Revd Jackie

Rev. Jackie Bullen

‘Thy Kingdom come, thy will be done...’

Words that are familiar to many of us but maybe less familiar is the word ‘rogation’. Rogation means ‘an asking of God’ for blessing on the seed and land for the year ahead. Sunday May 6th was Rogation Sunday this year – being the last Sunday before Ascension Day.

The practice of rogation was inherited by the church from the Romans who had developed the practice of a crowd moving in procession around a field, singing and dancing and ‘driving away the winter with sticks’. In AD 465, following an earthquake, tsunami and epidemic, a bishop required that prayers should be said in the ruined and neglected fields on the days leading up to Ascension day (forty days after Easter) and a church commemoration was born.

The keeping of Rogationtide arrived in England in the 8th century and became an annual asking for the help of God in prayer. At Rogationtide, a party would set out to trace the boundaries of the parish. At the head marched the Bishop or priest and after them the people of the parish. At certain points along the route, usually at well-known landmarks such as a bridge, stile or ancient tree, the procession was halted, all gathered about the priest, and a rogation prayer was said, imploring God to send them a sufficient harvest. It became known as ‘beating the bounds’. The main purpose was to say prayers but it also made people aware of where the parish boundaries actually lay.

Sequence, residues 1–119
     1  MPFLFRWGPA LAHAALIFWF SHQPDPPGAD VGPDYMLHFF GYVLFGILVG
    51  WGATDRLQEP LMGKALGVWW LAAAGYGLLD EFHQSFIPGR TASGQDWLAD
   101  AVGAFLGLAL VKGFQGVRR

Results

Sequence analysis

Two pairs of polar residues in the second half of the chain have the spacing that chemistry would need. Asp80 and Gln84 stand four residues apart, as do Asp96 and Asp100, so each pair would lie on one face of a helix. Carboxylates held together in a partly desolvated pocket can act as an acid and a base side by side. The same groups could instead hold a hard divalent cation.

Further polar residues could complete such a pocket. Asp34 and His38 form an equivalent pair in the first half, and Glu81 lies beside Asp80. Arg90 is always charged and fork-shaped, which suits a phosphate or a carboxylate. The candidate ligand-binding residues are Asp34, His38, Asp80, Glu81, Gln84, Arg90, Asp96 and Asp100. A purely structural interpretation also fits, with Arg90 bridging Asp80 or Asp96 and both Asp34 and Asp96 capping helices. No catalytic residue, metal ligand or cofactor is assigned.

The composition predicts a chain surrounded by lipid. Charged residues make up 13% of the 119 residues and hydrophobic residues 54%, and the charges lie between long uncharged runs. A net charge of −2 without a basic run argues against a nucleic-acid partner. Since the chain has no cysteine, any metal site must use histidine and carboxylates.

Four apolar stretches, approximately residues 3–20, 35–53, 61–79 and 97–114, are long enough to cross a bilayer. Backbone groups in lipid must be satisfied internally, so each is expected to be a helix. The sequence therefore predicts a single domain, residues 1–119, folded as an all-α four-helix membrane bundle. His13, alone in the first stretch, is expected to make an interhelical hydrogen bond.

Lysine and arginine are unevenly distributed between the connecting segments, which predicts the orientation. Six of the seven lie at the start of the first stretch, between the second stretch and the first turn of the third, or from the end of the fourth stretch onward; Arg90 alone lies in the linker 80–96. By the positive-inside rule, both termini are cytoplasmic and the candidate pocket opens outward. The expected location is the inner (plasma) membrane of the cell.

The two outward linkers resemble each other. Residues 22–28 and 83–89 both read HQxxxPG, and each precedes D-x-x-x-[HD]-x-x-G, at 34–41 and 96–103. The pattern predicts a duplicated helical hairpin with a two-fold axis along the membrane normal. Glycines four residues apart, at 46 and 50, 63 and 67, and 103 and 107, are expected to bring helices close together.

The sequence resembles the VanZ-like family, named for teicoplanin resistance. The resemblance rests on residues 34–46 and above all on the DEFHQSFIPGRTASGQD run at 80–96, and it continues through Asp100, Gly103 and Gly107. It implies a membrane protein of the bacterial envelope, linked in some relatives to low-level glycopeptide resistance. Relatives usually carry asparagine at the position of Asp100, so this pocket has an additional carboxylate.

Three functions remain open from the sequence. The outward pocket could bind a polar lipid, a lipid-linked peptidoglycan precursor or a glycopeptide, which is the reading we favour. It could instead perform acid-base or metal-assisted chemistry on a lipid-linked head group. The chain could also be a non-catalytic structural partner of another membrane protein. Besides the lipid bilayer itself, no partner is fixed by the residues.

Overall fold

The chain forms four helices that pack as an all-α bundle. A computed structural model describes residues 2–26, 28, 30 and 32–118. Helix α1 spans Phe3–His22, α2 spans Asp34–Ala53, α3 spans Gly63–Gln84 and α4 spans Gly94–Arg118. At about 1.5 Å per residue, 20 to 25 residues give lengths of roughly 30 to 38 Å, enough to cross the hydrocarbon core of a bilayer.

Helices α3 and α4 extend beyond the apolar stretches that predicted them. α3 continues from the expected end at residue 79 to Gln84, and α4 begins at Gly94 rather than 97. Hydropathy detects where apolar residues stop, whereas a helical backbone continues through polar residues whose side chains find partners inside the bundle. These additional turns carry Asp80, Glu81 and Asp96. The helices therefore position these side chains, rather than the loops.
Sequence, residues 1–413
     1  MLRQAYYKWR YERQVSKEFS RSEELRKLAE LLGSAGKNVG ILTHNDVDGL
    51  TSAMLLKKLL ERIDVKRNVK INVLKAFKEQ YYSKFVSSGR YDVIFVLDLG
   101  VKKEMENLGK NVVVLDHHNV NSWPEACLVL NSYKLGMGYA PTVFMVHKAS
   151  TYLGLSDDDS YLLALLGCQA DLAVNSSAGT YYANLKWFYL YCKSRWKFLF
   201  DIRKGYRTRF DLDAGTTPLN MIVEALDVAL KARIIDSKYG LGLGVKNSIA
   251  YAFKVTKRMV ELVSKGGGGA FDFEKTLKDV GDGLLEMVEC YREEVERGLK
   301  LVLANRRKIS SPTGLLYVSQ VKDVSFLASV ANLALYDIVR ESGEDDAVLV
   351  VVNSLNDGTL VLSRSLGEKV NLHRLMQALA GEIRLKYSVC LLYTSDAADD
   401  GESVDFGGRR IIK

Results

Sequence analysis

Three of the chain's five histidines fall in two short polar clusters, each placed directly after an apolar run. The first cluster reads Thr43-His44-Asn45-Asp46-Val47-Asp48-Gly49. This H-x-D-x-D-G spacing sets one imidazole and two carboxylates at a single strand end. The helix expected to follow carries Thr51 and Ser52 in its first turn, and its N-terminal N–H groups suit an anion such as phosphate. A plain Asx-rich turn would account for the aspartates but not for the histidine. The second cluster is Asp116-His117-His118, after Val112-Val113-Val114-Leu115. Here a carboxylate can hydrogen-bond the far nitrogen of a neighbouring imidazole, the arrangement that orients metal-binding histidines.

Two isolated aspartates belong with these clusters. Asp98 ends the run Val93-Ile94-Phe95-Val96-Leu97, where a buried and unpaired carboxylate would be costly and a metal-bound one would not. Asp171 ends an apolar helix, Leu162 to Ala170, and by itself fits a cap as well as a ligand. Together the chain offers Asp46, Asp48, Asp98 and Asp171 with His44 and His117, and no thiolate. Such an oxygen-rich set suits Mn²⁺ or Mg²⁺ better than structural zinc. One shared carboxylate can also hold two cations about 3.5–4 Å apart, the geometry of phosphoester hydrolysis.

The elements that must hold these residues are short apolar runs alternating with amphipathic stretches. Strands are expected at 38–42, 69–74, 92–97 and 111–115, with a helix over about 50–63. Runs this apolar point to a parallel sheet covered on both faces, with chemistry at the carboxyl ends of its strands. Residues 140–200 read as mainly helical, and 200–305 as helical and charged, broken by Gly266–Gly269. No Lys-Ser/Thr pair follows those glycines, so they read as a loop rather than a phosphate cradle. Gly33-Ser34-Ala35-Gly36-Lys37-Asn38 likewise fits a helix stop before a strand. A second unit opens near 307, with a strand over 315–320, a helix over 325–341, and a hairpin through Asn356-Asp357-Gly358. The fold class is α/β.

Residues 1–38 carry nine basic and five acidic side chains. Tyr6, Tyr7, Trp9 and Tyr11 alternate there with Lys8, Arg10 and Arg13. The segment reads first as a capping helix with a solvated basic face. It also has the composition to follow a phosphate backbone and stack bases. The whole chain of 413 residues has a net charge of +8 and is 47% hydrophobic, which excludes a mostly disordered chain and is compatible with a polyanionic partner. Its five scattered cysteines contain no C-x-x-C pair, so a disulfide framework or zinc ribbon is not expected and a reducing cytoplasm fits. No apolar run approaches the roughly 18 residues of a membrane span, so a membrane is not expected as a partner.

This is something that we are probably less aware of than previous generations as with the expansions of towns and villages and new housing developments being created, the boundaries may no longer follow natural features of the landscape. Interestingly, the southern and western boundary of the parish of Longthorpe largely follows the path of the river Nene so a canoe may be needed to ‘beat the bounds’.

This year, as in previous years, the Archbishops of Canterbury and York wrote to all their clergy to invite us and our congregations to pray for the evangelization of our nation. The call to prayer took place from Ascension Day (May 10th) to Pentecost (May 20th). At the heart of the prayers used were the words ‘Thy kingdom come, thy will be done’.

This time of prayer could be likened to preparing the ground ready to sow seeds. Seeds of friendship, fellowship and love which we undertake to sow in and around the parish.

As a follow up to this time of prayer, St Botolph’s are offering a ‘Weekend of Invitation’ in June when there will be taster sessions offered for some of the regular events held in the church building as well as additional events which all are welcome to attend.

Please see the detailed programme for the weekend by clicking here.

With love and prayers.